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Is the World of Triple Net Single Tenant Leased Investments an Aberration or a Brave New World?

Plain Speaking
By: James Hochman

There is no doubt that with the combination of lower interest rates and short supply of investment grade triple net leased properties, we are in a hot seller’s market. I recently had the opportunity to represent a successful seller of multiple single-family residential properties. He was, through the Internal Revenue Code Section 1031 portal, transitioning into single tenant triple net leased commercial properties. Each one of my client’s new acquisitions was significant—i.e., seven figures or more—and I approached each transaction with a high level of care, an eye for thorough due diligence, and an expectation of receiving detailed and complete due diligence materials.

I was surprised to learn, in each deal, that we must, indeed, be in a brave new world. Here is what I encountered in each deal.

1. “Cut to the chase, man, do you want to buy this property or not?”

Listing brokers who are younger than many of my ties, most of my dress shoes, and a few of my favorite suits had little patience for a careful negotiation or a detailed letter of intent. These brokers and their sellers were interested in price, time of closing, and of course earnest money. They had little patience for inquiries beyond a bare bones offering memorandum.

2. “License, I don’t need no stinking license!”

Rarely was the listing broker located in the same state as the subject property. There was no reference in the marketing materials to a local licensee, unless I asked, in order to protect my client’s—i.e., the buyer’s—broker. I was told “I gotta guy” and occasionally the name of a local broker was disclosed, but only if I asked. One calming thought though: “These are future license law violation defendants, perhaps future clients.”

3. “Due diligence, ok here’s the lease.”

I always ask for silly extras, like the seller’s old title policy, copies of encumbrance documents, a recent survey, and the seller’s environmental reports to name just a few. In some cases, when I read an older Phase I, it was the original builder’s geotechnical study. Surveys I received were often so old as to predate construction of the leased building. Did our seller (one or two generations after the original builder) even commission a Phase I or a survey? As for title—well, I am learning of the existence of many smaller title companies I had not even encountered before. I guess those sellers have found a lower cost provider.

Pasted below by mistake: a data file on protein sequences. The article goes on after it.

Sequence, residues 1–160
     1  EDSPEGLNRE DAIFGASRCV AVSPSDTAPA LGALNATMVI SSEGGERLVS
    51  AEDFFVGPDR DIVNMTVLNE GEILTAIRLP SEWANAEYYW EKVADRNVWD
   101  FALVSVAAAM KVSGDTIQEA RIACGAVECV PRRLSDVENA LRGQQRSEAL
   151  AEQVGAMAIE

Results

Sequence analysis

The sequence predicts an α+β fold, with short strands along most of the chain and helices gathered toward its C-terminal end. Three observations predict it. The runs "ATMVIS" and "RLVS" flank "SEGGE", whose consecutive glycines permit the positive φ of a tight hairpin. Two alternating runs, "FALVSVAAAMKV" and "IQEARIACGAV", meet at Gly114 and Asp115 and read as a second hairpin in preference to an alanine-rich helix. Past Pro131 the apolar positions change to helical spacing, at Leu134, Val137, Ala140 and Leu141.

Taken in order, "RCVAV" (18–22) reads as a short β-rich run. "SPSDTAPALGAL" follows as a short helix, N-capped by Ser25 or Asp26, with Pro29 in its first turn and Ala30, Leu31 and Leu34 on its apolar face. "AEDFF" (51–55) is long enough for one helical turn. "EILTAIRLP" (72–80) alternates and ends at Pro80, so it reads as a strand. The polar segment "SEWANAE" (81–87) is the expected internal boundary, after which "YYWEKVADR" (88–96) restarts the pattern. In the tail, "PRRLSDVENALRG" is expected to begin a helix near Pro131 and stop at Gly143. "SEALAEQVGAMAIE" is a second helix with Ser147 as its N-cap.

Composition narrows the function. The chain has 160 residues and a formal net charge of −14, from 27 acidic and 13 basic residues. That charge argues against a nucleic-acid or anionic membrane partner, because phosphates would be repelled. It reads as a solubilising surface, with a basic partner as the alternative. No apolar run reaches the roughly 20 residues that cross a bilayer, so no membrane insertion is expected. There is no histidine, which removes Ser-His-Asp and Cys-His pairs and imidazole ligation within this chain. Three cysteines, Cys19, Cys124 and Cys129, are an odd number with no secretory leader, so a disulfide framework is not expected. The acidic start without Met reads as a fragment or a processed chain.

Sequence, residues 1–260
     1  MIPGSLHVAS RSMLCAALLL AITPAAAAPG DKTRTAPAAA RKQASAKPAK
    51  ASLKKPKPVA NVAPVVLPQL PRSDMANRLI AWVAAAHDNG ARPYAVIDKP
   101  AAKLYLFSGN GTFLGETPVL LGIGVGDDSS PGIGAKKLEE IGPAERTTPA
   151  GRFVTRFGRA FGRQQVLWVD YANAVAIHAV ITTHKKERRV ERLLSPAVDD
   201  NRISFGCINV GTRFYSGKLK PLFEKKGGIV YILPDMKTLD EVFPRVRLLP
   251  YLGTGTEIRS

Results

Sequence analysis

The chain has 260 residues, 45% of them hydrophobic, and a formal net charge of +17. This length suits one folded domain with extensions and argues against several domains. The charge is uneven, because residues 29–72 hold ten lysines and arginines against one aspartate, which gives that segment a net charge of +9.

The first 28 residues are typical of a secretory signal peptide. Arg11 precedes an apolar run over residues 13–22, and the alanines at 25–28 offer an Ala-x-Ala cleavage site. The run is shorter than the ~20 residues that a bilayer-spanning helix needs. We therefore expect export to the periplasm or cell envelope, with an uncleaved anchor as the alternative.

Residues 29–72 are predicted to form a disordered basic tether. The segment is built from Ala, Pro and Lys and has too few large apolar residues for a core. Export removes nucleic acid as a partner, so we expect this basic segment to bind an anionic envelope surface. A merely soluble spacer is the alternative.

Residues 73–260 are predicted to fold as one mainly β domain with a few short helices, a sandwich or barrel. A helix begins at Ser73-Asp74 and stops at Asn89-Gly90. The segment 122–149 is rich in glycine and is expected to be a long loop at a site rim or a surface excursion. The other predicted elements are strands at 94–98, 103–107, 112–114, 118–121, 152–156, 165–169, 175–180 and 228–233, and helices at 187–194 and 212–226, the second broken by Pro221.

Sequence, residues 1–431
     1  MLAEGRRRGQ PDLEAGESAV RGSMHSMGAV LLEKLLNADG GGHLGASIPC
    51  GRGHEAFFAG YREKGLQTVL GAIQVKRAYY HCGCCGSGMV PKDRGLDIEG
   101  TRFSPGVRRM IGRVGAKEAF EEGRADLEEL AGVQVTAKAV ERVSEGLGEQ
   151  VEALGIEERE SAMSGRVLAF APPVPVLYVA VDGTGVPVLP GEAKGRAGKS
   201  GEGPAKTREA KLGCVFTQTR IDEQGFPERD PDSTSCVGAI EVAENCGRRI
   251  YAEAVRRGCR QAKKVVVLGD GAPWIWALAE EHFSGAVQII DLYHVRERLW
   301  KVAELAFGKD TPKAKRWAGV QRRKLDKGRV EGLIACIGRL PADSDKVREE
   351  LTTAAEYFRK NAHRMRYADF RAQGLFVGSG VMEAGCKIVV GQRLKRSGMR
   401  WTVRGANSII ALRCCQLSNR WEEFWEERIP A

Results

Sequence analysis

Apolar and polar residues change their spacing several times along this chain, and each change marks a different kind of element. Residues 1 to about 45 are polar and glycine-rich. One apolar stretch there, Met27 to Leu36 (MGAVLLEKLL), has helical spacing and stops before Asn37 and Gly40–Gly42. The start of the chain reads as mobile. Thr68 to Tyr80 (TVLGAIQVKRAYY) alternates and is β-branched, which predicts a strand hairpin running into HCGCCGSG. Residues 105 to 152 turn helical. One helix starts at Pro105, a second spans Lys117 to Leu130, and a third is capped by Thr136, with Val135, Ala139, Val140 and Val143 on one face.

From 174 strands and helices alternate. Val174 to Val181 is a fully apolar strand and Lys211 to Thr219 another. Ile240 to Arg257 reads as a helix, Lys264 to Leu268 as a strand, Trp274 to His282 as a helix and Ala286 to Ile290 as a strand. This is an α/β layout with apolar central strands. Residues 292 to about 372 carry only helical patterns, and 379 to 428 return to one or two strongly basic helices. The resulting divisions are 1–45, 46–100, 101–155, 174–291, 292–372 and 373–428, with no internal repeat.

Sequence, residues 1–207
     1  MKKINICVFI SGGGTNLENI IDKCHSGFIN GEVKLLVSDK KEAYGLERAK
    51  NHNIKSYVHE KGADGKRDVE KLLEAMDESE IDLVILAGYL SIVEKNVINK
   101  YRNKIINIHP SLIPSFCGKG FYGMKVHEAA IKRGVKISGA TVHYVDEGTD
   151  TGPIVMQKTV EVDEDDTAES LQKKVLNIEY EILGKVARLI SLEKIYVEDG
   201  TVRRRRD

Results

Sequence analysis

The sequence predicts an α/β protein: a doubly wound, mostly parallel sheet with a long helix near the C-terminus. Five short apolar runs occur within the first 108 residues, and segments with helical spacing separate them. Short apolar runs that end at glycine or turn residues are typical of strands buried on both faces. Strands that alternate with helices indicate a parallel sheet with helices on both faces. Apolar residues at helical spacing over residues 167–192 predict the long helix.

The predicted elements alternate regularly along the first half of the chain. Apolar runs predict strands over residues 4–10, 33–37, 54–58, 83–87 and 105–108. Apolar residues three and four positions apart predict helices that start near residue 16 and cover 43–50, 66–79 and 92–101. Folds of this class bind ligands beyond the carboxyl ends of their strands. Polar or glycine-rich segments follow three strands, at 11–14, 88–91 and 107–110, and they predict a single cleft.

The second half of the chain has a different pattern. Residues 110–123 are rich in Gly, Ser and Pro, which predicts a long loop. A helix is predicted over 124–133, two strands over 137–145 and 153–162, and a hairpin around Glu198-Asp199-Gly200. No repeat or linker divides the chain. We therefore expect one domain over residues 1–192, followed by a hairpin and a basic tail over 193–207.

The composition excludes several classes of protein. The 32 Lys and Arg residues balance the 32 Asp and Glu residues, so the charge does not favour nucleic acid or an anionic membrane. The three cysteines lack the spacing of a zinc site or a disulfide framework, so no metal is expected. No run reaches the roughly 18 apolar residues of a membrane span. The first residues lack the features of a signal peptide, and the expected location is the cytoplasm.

4. “Relax, it’s all about the lease, just check out the cap rate and the national ‘brand’ of the tenant.”

Yes, no doubt that lease is a key asset, but show me the tenant’s financials or the financials of the tenant’s guarantor. Call me old fashioned, but I still care about these things, along with the length of the fixed term after closing, since extension options aren’t always exercised.

5. “Options, you ask? Sorry did we mention that the tenant has an option to terminate the lease early?”

6. “Don’t worry, this lease was drafted by a real professional.”

And indeed, that lease was often drafted by a real professional—i.e., the tenant’s attorney. Welcome to the new world of tenant’s rights, including complete freedom to assign or sublease, no security deposit, no periodic tax payments before tax bills issued, etc.

7. “Estoppel letter, ok yeah, here is the tenant’s form of Estoppel. That’s all we can get you.”

Due diligence 101 includes estoppel letters that are complete, thorough, and attached to a verified copy of the lease. But don’t count on it. You can ask, but the lease only binds the tenant to a very short and basic estoppel letter.

Yes, I guess this triple net single tenant asset world has its own rules, or lack of rules. All we can do is identify risks and issues for our clients. But with that 1031 clock ticking, there are buyers who would rather roll the dice than pay the capital gains tax; and when the tax tail wags the dog, well, Katie bar the door.

Don’t get me wrong, I can make these deals, but I will still represent buyers in a patient and thorough manner. Even if you, dear readers, are younger than my shoes and suits, well, you should be careful, too!


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James Hochman
James Hochman
Schain Banks Kenny & Schwartz

Jim Hochman is a partner at Schain Banks Kenny & Schwartz law firm and freelance writer. Contact him at jhochman@scheinbanks.com.